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An increasingly viable solution for climate change is Controlled Environment Agriculture (CEA), implemented across the U.S., in states likes Montana.
The water, energy, and food security nexus is a real and present problem.
Here are some highlights from the website of The Agrarian Group:
As a species, we face the most complex and deadly problems we have ever encountered. Erratic weather events caused by climate change destroy crop yields each year. Pesticides have ruined our soil and water scarcity has become a national security issue. 70% of food cost is linked to fossil fuels, and prices are only expected to rise. The average food item travels 1500 miles to reach it's destination. However, despite everything we do, 40% of all food in the United States is thrown away post-harvest.
The Agrarian Group was started as an answer to a question - How will we feed the projected 9.1 Billion people that will reside on earth in 2050? To achieve this, we need to increase our already stressed agricultural production by 70%. How do we grow better?
Agtech solutions can help solve the challenges we face.
Here is an example of Agtech Solutions in Montana:
HAMILTON — You may not give much thought to where the vegetables on your plate come from, but one company with Montana roots has, and it’s setting its sights on changing agriculture by bringing innovation to indoor farming.
Local Bounti built its first large state-of-the art-greenhouse in Hamilton and has plans for several more in the Northwest as it prepares to go public in coming weeks.
“Indoor agriculture is here to stay. It will make a big impact in the food supply globally,” says Craig Hurlbert, co-founder and co-CEO.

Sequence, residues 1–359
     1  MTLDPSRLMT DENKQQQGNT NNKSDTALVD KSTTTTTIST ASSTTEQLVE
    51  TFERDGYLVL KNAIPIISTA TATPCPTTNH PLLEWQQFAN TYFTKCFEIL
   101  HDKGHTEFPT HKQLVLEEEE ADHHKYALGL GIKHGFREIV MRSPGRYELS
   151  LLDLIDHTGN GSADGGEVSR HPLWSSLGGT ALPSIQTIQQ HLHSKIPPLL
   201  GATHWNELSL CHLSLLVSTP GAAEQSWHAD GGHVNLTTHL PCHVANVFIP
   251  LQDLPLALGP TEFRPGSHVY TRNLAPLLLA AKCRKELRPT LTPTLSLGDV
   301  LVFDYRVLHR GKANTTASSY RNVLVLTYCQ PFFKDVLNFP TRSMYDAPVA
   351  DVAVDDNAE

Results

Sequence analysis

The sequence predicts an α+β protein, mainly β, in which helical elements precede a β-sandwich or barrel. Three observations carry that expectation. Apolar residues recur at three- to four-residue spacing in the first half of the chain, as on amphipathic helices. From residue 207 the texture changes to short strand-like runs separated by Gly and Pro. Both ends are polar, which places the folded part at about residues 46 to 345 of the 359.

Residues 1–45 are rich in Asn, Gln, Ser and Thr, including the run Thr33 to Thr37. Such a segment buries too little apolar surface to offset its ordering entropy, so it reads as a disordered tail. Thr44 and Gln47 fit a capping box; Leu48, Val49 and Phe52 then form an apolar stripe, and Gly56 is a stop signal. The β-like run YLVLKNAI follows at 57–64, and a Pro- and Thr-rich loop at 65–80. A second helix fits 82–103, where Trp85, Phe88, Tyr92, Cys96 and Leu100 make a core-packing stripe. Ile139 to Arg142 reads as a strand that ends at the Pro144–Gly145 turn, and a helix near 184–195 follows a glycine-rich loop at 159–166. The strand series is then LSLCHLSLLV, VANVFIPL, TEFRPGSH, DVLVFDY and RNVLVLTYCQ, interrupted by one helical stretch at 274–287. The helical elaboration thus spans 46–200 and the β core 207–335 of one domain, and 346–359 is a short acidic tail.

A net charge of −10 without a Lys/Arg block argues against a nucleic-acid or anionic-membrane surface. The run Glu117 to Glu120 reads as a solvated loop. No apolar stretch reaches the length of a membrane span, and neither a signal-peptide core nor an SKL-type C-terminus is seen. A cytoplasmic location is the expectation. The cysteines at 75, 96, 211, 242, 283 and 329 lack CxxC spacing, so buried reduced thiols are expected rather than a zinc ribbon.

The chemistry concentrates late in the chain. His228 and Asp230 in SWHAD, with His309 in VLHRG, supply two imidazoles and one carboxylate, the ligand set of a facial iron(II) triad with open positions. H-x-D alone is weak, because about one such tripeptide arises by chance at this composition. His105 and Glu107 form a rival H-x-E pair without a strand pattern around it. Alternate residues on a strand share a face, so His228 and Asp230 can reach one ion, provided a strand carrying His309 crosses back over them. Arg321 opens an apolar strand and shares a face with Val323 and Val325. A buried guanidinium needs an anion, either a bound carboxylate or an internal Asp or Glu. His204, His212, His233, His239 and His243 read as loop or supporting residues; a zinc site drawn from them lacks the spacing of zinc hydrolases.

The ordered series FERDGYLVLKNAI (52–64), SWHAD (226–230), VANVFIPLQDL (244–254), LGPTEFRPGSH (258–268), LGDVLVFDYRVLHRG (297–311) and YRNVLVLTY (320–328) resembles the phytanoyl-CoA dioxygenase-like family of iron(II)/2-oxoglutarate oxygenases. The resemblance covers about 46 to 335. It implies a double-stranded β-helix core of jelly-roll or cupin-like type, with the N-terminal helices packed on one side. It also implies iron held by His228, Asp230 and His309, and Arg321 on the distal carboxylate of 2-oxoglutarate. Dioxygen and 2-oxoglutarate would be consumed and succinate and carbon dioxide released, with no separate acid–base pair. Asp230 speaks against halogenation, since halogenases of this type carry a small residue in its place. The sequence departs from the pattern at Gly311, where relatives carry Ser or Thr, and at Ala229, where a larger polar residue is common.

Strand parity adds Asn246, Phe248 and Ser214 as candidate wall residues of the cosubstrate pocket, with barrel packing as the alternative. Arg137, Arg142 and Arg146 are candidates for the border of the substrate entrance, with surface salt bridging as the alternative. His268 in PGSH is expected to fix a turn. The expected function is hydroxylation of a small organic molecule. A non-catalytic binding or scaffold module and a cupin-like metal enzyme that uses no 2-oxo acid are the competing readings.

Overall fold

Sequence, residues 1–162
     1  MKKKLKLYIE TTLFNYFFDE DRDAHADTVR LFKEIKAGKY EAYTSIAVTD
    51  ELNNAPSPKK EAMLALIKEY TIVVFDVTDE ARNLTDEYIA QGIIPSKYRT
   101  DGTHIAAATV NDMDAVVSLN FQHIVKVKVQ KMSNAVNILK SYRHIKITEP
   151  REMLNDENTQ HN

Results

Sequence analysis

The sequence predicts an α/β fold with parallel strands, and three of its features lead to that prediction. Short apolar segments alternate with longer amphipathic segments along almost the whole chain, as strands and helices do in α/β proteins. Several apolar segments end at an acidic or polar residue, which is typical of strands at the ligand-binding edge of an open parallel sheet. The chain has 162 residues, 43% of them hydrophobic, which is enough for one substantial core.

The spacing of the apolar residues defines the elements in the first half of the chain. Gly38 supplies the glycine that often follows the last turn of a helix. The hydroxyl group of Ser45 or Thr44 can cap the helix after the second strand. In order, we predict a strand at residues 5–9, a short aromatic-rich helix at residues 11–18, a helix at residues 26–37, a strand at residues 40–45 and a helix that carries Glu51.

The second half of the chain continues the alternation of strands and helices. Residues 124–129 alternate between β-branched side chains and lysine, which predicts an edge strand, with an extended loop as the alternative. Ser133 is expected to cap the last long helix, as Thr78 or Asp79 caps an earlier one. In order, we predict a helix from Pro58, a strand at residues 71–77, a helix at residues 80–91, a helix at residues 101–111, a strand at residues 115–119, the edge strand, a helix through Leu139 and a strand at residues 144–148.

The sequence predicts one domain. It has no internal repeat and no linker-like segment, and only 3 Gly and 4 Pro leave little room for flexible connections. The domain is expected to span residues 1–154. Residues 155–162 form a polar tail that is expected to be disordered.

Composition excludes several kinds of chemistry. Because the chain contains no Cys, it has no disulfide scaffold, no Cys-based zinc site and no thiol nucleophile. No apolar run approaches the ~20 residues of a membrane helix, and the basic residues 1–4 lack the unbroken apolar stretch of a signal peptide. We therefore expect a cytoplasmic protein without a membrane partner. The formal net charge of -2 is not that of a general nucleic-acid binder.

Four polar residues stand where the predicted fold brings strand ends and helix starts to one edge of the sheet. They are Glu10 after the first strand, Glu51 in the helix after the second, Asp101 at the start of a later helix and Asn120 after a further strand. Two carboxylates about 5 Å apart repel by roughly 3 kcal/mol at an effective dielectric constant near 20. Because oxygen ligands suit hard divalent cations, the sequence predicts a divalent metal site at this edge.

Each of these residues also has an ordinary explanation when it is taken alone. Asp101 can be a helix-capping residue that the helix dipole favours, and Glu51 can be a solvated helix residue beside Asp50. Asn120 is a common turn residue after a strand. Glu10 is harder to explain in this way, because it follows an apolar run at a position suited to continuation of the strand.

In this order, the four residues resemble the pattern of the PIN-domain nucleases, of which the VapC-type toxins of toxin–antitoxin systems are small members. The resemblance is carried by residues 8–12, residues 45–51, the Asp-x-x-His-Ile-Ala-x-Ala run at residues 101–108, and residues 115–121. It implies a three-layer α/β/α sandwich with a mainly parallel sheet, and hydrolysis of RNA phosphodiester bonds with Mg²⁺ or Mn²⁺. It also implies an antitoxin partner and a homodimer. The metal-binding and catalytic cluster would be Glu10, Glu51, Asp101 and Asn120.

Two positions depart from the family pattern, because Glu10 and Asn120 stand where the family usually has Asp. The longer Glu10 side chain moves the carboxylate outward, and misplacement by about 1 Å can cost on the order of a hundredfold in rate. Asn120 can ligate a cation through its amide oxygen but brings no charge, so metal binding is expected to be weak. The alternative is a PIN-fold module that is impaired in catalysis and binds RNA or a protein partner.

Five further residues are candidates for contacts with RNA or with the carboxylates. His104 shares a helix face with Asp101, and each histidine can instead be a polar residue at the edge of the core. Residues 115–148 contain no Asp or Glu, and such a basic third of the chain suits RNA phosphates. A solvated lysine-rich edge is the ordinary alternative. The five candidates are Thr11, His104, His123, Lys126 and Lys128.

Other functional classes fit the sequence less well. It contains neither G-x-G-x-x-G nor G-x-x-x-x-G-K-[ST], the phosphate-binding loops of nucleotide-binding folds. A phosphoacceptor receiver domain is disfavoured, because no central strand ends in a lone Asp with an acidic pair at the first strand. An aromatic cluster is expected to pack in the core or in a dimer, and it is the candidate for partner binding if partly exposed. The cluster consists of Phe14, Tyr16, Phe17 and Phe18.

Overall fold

Hurlbert grew up in Billings and helped lead Billings West to a state basketball title in 1980. He’s one of the top amateur senior golfers in the nation, but his record as a business leader and entrepreneur is just as impressive.
Now he is hoping to become a game changer in the world of controlled environment agriculture.
“The world's going to need 70% more food in just 30 years and yet we've lost about 40% of the land that's farmable,” says Hurlbert.
He started Local Bounti with his best friend Travis Joyner about three and a half years ago.
The company grows leafy greens, like lettuce and herbs, indoors with technology that combines vertical and horizontal greenhouse farming. It provides some big advantages to traditional farming including bigger yields and less strain on resources.
“Our technology uses 90 to 95% less water, 90% less land, no herbicides pesticides and year-round production. It's just a much better product than we've been used to, and it's grown more sustainably,” says Hurlbert.
Another big advantage is a quicker trip from the greenhouse to the store and then to consumer’s tables, unlike food that is grown in the fields and often sits in a refrigeration unit for days after it is picked and cleaned, then is sometimes trucked thousands of miles. That means a longer life for the produce.
“Our head of lettuce that is barely been touched by a human hand doesn't even need to be washed. It could go straight from our facility into a package into your home and that product can last three to five weeks in your refrigerator," Hurlbert said.
Hurlbert hopes that will also make a difference when it comes to the problem of food waste.
Local Bounti has big expansion plans in the future. The company’s second greenhouse will be built in Pasco, Washington, with others to follow, likely in Denver and then Reno, Nevada.
“It is really exciting to be doing it right here in the great state of Montana as a starting point for us,” says Hurlbert.